A word to the wise

MAXWELL AIR FORCE BASE, Ala. -- As a dentist, I am always thinking of new ways to help my patients.

Sure, I can fix a badly decayed tooth, "after" the fact, but what I'd really like to do is prevent it from getting that way in the first place. Everyone already knows that, "you need to brush and floss more," but in today's busy world, oral hygiene is one of the many things vying for our attention. Sure, it only takes two minutes to brush and about the same to floss, but teeth are often times neglected. Why is that? It's probably because we don't spend a lot of time looking at them. After all, they are tucked away inside of our mouths and if they don't hurt, they must be okay, right?  The truth is people don't get cavities overnight. How could they? Tooth enamel is considered to be the hardest substance in the human body. It's even harder than your bones, but it is susceptible to the buildup of bacteria and the acid they produce.

Each tooth has five surfaces and most people have between 28 and 32 teeth, that leaves more than 140 areas where food particles and bacteria can accumulate. This buildup, better known as dental plaque, is considered to be a biofilm. Webster's Dictionary defines a biofilm as "a thin usually resistant layer of [bacteria] that forms on and coats various surfaces." They form on surfaces like swimming pools and teeth. You wouldn't swim in a dirty swimming pool, so why would you allow bacteria to form the same type of gunk on your teeth? If dental plaque stays in place too long the enamel on your teeth "will" breakdown, leading to cavities or holes in your teeth. During this phase many people begin noticing that something isn't quite right, whether it be sensitivity to cold and sweets or pain when chewing. Untreated, tooth decay can spread deeper inside of the tooth, eventually reaching the nerve, at which point the nerve gets infected. This is when you'd really feel something is wrong. A severe toothache can only be treated in two ways, with a root canal -- removing the nerve -- or by extraction -- pulling the tooth.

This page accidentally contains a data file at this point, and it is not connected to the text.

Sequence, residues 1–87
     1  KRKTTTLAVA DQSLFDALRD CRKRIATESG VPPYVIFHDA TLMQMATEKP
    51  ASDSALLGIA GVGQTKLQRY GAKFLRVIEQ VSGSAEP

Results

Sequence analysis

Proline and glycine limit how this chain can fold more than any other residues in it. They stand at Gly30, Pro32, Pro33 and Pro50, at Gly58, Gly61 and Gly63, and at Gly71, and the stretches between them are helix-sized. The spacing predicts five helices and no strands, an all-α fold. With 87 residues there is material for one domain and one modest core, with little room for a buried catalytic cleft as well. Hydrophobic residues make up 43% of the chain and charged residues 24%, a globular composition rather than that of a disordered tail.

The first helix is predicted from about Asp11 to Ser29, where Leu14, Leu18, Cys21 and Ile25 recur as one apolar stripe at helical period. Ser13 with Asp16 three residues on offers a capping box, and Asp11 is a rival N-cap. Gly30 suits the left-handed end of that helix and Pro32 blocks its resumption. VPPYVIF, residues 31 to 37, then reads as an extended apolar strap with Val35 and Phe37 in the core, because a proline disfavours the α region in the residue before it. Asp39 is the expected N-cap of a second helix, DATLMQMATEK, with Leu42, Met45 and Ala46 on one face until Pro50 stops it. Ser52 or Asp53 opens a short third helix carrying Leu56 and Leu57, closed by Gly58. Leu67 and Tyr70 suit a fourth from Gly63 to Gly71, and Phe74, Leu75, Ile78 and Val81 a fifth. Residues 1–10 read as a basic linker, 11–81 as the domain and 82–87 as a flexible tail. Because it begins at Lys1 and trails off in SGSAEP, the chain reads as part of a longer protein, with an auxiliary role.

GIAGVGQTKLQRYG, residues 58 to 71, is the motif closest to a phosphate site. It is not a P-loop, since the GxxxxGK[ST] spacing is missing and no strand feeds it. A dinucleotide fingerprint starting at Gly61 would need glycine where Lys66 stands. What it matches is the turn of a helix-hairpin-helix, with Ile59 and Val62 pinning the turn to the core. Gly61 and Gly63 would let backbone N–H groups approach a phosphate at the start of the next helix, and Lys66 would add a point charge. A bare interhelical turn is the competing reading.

No one likes dental pain and many people don't like seeing the dentist, so why is tooth decay such a problem? What we eat and how often we eat is part of the problem. Sugary foods and drinks can accelerate the process, but poor oral hygiene is equally at fault. So when it's time for your next dental exam and I walk in the room, I might talk your ears off about the importance of good oral hygiene and how cavities are formed. Just before you tune me out or get lost in all of the technical jargon, listen real closely and you may hear the simpler message I'm trying to get across -- toothaches and dental work are no fun and they are easily avoided by an effort on your part to brush and floss more.

Just think, doing your part at home every day can prevent you from having bad breath, cavities, gum disease, painful numbing injections, root canals or even having to get your teeth pulled. The best part of it all is that you will get to keep your natural teeth, the rest of your life. Twenty years down the road, would you rather be smiling for a picture, talking with a friend, or chewing a delicious steak with a set of fake teeth or your very own strong and healthy real teeth?